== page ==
Did Internet Founders Actually Anticipate Paid, Prioritized Traffic?

Owen DeLong owen at delong.com
Fri Sep 17 21:43:56 UTC 2010

On Sep 17, 2010, at 1:21 PM, Jack Bates wrote:

> On 9/17/2010 2:08 PM, Owen DeLong wrote:
>> Again, you are talking about symmetry and mistaking that for neutrality.
>> Neutrality is about whether or not everyone faces a consistent set of terms and conditions, not identical service or traffic levels.
> Charging content providers for higher class service is perfectly neutral by your definition. So long as you offered the same class of service to all content providers who wished to pay.
Charging them for higher class service on the circuits which connect directly to them is neutral.
Charging them to effect the profile of the circuits directly connected to your other customers is non-neutral.

>> Neutrality is about letting the customer decide which content they want, not the ISP and expecting the ISP to be a fair broker
>> in connecting customers to content.
> Offering better options to content providers would be perfectly acceptable here, as well, so long as you offer it to all.
Again, nobody is opposing offering better connectivity to content providers. What they are opposing is selling
content providers the right to screw your customers that choose to use said content providers competitors.

>> The former is adding capacity to meet demand. The latter is not effectively adding bandwidth, it is reducing bandwidth for one to
>> reward the other.
> Which is fine, so long as you offer that class of service to all.
You can't offer that class of service to all, and, even if you do, no, it's no neutral when you do it that way.

>> The way this would work in the real world (and what people are objecting to) is that the ISP would transition from
>> 1) 90mb public with no prioritization
>> to
>> 2) 90mb public with N mb prioritized via destination where N is the number of mbps that the destination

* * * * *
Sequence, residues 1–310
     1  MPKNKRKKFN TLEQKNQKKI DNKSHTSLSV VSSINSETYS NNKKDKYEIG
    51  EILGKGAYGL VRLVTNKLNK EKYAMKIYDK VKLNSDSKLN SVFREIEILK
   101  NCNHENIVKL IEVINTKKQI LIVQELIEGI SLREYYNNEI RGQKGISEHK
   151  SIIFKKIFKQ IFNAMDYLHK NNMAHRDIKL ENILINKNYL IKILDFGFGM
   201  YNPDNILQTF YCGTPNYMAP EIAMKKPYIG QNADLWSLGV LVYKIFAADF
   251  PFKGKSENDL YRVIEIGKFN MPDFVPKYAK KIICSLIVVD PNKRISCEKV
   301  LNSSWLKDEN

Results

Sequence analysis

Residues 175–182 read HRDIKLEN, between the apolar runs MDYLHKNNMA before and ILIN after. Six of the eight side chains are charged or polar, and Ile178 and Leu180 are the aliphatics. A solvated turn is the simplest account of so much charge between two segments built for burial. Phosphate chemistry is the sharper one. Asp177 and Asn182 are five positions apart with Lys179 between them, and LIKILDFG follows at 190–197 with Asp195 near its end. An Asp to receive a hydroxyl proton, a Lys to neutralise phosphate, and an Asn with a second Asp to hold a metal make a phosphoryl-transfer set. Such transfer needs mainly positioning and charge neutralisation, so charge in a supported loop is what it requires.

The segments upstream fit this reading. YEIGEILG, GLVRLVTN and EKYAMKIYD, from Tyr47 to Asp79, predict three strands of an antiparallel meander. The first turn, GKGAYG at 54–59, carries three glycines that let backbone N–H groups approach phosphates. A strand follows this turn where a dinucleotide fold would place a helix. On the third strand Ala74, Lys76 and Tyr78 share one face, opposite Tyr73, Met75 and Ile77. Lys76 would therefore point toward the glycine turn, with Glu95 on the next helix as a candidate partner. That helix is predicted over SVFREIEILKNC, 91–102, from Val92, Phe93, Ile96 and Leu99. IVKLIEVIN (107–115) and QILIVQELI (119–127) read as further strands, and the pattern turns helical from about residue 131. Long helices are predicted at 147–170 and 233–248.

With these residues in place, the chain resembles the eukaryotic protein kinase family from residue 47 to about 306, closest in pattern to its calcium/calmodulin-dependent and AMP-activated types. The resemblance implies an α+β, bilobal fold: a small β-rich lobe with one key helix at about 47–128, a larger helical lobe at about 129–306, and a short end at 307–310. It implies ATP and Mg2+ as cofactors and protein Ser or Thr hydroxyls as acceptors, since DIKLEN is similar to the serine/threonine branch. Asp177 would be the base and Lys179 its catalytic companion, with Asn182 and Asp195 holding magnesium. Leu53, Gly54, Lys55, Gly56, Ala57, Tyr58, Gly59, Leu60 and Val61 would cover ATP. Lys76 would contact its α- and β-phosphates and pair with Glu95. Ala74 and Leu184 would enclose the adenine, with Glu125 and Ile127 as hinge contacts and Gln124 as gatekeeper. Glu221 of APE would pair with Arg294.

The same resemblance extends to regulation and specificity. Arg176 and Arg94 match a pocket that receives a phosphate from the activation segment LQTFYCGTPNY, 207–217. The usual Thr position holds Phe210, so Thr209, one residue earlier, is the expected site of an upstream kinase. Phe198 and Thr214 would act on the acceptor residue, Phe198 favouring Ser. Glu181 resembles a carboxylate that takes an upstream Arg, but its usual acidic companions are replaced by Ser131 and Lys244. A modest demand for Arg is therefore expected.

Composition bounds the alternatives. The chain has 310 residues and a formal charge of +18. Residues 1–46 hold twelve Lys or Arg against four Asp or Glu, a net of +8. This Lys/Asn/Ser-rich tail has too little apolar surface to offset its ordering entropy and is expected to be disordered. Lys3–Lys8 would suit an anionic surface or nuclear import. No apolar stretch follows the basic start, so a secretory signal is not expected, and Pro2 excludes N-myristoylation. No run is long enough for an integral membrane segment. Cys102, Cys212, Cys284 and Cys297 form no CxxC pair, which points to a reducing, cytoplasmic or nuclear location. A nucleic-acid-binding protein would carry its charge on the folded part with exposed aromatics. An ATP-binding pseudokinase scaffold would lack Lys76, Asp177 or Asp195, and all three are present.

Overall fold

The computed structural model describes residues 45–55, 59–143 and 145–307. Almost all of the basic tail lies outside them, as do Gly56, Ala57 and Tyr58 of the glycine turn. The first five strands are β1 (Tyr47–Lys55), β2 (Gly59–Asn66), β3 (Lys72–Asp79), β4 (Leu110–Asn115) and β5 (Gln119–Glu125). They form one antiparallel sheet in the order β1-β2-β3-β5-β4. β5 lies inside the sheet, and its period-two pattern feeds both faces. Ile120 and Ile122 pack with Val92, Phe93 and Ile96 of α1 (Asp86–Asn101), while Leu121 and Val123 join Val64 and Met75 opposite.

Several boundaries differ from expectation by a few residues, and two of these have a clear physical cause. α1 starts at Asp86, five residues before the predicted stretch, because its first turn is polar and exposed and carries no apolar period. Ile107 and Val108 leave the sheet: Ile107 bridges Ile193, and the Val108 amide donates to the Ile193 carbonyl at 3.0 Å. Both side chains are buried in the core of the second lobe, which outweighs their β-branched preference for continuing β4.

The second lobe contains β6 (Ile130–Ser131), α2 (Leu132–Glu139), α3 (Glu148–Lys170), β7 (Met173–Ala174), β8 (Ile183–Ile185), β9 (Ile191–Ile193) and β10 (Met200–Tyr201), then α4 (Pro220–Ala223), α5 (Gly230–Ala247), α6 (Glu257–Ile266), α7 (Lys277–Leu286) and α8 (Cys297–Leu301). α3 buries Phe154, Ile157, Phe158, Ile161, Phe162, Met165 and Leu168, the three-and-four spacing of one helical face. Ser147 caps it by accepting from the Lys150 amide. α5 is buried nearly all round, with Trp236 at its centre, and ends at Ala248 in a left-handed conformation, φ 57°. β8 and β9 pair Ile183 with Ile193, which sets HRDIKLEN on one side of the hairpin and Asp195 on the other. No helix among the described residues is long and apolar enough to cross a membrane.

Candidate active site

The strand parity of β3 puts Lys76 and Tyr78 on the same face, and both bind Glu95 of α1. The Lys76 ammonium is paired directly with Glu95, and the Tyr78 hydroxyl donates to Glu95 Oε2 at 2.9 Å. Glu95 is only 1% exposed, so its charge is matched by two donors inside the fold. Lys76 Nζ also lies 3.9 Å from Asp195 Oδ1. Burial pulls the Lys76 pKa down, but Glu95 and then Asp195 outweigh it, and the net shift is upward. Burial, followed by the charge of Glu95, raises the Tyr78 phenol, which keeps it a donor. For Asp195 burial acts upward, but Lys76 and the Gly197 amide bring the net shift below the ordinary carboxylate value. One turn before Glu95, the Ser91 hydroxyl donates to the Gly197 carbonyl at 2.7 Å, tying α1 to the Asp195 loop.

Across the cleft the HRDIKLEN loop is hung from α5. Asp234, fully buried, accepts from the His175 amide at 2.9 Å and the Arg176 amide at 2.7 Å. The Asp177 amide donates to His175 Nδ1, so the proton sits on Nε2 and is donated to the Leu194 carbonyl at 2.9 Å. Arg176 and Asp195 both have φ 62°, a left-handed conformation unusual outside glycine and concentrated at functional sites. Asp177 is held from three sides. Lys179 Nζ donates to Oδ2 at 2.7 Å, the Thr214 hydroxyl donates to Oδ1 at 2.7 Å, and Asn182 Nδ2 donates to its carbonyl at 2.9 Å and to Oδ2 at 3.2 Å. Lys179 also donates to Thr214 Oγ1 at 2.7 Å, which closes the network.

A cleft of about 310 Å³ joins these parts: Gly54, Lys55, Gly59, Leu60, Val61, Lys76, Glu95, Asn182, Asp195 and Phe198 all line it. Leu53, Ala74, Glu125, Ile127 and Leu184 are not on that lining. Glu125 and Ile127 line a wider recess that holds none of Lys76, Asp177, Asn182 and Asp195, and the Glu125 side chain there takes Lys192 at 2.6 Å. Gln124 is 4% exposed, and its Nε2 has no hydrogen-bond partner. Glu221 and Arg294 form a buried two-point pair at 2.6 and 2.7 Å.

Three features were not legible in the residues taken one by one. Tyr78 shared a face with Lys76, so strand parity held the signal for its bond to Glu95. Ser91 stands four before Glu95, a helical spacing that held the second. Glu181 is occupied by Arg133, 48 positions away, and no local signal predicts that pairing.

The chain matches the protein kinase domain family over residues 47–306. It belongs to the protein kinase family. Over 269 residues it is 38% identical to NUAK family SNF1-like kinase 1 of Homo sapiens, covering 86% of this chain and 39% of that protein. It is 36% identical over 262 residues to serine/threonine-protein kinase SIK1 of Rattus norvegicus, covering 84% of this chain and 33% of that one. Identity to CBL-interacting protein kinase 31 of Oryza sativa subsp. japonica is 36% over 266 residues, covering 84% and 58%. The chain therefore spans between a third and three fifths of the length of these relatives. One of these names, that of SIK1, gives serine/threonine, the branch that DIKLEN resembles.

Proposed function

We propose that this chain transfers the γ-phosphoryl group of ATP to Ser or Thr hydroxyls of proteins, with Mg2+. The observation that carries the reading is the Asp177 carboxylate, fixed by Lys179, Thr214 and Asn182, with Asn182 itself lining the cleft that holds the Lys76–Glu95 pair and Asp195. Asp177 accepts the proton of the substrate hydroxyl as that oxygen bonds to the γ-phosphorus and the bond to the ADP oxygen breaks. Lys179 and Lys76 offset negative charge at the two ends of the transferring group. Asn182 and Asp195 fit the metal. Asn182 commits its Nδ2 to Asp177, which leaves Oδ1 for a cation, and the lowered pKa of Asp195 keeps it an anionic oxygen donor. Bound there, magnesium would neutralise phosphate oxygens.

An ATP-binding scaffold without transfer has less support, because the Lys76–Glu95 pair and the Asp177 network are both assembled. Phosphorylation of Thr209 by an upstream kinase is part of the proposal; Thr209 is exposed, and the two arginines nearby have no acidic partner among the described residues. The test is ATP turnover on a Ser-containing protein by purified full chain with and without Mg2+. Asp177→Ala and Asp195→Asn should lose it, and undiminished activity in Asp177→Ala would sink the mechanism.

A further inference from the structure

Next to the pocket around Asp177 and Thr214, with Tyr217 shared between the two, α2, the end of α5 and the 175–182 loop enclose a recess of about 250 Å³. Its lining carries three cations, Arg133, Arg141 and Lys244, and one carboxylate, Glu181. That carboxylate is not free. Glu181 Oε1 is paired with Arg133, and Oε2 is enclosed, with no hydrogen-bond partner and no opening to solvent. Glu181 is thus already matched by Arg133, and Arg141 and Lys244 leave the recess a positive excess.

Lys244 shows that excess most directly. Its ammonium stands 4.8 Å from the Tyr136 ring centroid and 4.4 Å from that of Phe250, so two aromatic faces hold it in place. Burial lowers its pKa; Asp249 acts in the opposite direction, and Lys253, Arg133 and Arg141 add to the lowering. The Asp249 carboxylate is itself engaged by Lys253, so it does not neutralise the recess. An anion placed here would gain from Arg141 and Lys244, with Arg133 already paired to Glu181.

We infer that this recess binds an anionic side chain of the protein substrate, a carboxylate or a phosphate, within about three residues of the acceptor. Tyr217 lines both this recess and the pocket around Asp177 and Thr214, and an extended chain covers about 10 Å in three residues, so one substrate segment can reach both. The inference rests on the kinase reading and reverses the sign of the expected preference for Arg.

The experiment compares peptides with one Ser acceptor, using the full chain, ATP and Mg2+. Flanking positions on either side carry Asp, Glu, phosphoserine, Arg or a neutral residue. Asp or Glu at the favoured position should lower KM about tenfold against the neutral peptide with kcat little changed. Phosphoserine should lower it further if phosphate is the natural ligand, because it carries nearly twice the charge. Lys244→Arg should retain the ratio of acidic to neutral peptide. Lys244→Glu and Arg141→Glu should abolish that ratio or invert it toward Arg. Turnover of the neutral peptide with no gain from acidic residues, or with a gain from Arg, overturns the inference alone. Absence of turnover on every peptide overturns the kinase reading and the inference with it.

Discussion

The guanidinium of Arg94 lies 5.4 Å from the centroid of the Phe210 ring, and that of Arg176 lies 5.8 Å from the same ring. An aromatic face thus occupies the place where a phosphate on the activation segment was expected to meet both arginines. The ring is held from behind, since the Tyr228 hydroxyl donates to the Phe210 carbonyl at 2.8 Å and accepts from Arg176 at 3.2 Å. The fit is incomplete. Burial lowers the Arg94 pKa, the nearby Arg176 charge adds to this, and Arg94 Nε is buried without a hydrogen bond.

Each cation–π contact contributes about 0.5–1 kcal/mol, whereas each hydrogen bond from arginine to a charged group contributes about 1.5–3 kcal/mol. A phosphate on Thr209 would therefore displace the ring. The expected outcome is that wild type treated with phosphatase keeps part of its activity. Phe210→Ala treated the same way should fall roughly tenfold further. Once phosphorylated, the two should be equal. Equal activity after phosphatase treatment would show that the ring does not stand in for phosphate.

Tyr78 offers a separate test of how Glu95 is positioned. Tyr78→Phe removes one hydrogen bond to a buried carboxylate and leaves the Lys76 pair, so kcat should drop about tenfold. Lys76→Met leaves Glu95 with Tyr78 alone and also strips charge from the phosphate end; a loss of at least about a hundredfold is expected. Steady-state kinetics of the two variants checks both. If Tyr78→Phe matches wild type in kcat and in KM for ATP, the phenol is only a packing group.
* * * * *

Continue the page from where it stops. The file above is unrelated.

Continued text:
>> 	wanted to pay for.
> Except my fictional account follows real world saturation experience historically. What you are giving is considered ideal compared to breaking the 90mb up to allow separate throughput for the service, which I guarantee a provider would do for enough money; given restriction of total available bandwidth.
Total available bandwidth isn't what AT&T is pushing the FCC to allow them to carve up this way.
AT&T is pushing for the right to sell (or select) content providers prioritized bandwidth closer to
the consumer tail-circuit.

>> More importantly, it's not the 90mb public circuits where this is the real concern. The real concern is
>> on the shared customer infrastructure side closer to the end-user where it's, say, 45mbps to the
>> DSLAM going form 45mbps public to 45mbps public with 20mbps prioritized for content-provider-A
>> while users trying to use content-provider-B get a degraded experience compared to A if their
>> neighbors are using A. (Hence my belief that this is already a Sherman Anti-Trust issue).
> I think that only qualifies if content-provider-B doesn't care to pay for such a service, but it is available to them.
What if the service simply isn't available to content-provider-B because content-provider-A is
a relater party to said ISP or said ISP simply chooses not to offer it on a neutral basis?
(Which is exactly what AT&T has stated they want to do.)

>> Neutrality means everyone faces the same odds and the same terms and conditions.
>> It means that amongst the other customers sharing the same ISP infrastructure we are
>> all treated fairly and consistently.
> All customers can access the premium and non-premium content the same. ISP based licensing by content providers seems like a bigger scam.
I'm not sure what you mean by "ISP based licensing by content providers".

>> Apparently not an ISP that I would subscribe to.
> Nope. You'd probably stick with a saturated bandwidth ISP and gripe about net-neutrality because your service is slightly more piss poor than your neighbors when your neighbor happens to go to a premium site and you don't. I'll stick with not having saturation on shared links.
Actually, no. I've got good unsaturated service from both of the ISPs providing
circuits into my house and from the upstreams that I use their circuits to reach
for my real routing.

(I'm unusual... I use Comcast and DSL to provide layer 2 transport to colo
facilities where I have routers. I then use the routers in the colo facilties to
advertise my addresses into BGP and trade my real packets. As far as
Comcast and my DSL provider are concerned, I'm just running a whole
lot of protocol 43 traffic to a very small set of destinations.)

I use the two providers in question because they are, generally, neutral
in their approach and do not play funky QoS games with my traffic.


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